Welcome to American Sandwiches Week, a celebration of the mighty sandwich through the lens of Americana.
As you’re reading this it’s about T+3.5, or, three-and-a-half days since Thanksgiving dinner way back on Thursday. Which means assuming there’s still leftovers in your fridge, it’s nearing the point you should ditch it. Before you do, though, know that leftovers on its last legs are a fine opportunity to squeeze one more meal from it: the Thanksgiving sandwich.
Normally we’d just say stack your sandwich high with whatever turkey and stuffing bits you can scrounge up. But as is The Takeout’s wont, there is a more elegant and thoughtful way to approach the Thanksgiving sandwich. Let us offer a few bullet points:
- Most important of all: Use sturdy bread. Ciabatta has the correct structural integrity to hold all the ingredients. If ciabatta is not available, buttered Texas toast or a pretzel roll are fine choices.
- Think like a chef, and consider balance. We’d recommend 2 to 3 parts protein (turkey) to 1 part starch (stuffing or mashed potato) and 1/2 part sweet (cranberries, sweet potato).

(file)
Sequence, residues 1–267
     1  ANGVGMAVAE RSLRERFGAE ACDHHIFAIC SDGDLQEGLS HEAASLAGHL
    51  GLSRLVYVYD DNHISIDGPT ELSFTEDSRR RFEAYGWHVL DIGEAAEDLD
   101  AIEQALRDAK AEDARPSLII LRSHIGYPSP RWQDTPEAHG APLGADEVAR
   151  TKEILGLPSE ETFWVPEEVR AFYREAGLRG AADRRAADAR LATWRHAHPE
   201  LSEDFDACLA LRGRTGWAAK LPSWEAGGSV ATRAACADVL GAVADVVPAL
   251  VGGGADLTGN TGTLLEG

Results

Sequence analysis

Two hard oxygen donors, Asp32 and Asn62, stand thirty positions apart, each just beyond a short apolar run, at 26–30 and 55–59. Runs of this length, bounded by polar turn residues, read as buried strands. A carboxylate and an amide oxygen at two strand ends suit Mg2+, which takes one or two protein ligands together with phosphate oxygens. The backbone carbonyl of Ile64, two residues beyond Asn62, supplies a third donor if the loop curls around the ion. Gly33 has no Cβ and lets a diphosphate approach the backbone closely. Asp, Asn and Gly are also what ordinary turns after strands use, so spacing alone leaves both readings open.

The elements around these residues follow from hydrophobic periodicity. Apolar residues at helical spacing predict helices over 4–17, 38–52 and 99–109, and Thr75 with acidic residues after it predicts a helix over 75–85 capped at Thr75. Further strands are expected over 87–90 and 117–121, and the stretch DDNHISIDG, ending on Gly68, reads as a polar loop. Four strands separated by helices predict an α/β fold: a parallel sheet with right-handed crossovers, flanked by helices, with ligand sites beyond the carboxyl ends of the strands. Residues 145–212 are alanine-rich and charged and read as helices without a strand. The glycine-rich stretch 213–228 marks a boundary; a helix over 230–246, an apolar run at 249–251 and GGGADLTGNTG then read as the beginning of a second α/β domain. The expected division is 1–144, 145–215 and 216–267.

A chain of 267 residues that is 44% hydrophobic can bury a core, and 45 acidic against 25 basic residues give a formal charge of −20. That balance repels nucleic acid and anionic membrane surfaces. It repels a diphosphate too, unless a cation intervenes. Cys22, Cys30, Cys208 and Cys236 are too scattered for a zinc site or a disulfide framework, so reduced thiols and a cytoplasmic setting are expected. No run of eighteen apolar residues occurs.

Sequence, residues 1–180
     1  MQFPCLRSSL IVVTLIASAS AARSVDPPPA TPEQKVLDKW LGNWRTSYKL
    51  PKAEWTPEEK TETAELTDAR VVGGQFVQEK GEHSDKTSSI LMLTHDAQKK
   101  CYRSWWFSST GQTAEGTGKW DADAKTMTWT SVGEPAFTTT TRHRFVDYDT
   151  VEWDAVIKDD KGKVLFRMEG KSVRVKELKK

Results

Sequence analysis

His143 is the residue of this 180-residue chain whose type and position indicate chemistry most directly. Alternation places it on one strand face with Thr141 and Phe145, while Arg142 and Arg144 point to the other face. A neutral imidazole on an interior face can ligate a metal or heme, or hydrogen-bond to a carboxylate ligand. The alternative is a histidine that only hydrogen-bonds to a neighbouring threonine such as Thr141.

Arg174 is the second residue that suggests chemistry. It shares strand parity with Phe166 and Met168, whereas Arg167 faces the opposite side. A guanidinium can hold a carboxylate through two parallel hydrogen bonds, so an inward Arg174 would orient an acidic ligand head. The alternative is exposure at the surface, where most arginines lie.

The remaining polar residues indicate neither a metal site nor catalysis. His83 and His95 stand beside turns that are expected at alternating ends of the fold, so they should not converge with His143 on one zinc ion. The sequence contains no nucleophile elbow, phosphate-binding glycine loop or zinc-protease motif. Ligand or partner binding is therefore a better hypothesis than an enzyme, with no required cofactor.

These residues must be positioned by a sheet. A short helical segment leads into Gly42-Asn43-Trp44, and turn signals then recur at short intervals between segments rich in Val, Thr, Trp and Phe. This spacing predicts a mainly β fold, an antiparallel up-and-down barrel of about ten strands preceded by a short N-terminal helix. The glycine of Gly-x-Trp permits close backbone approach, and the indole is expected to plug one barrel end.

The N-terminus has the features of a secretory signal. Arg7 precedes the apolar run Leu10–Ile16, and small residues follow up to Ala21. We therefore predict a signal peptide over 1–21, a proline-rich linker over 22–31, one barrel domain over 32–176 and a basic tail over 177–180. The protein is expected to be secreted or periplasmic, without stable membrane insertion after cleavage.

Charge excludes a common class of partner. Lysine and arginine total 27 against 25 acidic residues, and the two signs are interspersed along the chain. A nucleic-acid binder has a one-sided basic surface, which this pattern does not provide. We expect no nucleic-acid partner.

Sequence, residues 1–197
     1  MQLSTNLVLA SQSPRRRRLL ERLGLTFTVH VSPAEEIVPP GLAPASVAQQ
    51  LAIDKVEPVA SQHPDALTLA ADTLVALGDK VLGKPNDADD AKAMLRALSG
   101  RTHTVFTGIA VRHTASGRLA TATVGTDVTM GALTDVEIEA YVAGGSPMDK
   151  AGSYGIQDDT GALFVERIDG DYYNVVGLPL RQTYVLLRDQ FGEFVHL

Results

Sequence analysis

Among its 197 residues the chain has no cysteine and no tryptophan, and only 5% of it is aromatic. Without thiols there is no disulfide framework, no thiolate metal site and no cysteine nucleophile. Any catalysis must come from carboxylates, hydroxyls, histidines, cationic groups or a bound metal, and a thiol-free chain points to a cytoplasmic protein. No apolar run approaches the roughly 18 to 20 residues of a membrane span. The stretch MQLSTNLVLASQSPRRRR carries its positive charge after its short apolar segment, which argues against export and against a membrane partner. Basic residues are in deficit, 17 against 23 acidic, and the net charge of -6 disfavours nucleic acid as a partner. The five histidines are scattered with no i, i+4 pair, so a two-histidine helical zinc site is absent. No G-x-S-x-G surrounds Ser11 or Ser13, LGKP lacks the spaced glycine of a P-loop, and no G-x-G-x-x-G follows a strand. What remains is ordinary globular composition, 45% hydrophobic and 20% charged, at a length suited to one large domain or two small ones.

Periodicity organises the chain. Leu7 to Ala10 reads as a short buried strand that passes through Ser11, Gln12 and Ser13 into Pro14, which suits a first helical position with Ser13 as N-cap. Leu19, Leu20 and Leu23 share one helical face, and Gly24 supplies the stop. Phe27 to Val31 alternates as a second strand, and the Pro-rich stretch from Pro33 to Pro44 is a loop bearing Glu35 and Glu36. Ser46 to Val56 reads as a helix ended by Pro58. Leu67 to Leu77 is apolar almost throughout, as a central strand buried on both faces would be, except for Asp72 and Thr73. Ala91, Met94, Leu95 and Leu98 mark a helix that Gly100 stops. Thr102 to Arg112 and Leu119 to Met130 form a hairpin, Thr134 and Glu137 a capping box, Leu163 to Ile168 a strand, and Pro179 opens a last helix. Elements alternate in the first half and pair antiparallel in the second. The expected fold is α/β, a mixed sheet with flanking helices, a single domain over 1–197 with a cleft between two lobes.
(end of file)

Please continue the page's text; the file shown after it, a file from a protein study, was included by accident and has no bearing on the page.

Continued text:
- How do you incorporate gravy without making a complete mess of the sandwich? Sure, you can dip it like French dip jus, but a two-handed sandwich makes that rather cumbersome. May we suggest a technique that incorporates the juiciness and savoriness of the gravy into the sandwich: Fry turkey slices in gravy. Here’s how I do it: Add a pat of butter to a skillet. Turn on medium heat, and add your turkey slices—a mix of white and dark. Then spoon a glob of gravy on the meat. As the turkey heats up, the gravy will semi-liquify and bubble and crust up. Flip the slices and make sure the gravy covers all surface area. Transfer slices onto roll while hot, and continue assembling.
- What your Thanksgiving sandwich needs is some crispy texture. The easiest and most on-point method is with crunchy onion topping. (I’ve also considered re-fried Brussel sprout leaves, or even red leaf lettuce.) But my favorite textural add-on is...
- If you have any turkey skin left (and I find this hard to believe), crisp this up in a toaster oven over low heat, then add on to your Thanksgiving sandwich. Even if you pat it dry beforehand, you’re not going to get it to a state of crunchiness. Still, I love that crisp-unctuous texture and the salty hit it provides.